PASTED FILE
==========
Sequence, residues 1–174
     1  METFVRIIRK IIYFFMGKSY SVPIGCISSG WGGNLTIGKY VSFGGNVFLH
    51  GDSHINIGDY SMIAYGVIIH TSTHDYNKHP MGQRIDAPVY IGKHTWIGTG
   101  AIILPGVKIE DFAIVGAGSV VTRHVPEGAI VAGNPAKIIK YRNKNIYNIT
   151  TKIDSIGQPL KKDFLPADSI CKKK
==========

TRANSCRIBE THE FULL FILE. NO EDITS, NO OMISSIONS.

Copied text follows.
Sequence, residues 1–174
     1  METFVRIIRK IIYFFMGKSY SVPIGCISSG WGGNLTIGKY VSFGGNVFLH
    51  GDSHINIGDY SMIAYGVIIH TSTHDYNKHP MGQRIDAPVY IGKHTWIGTG
   101  AIILPGVKIE DFAIVGAGSV VTRHVPEGAI VAGNPAKIIK YRNKNIYNIT
   151  TKIDSIGQPL KKDFLPADSI CKKK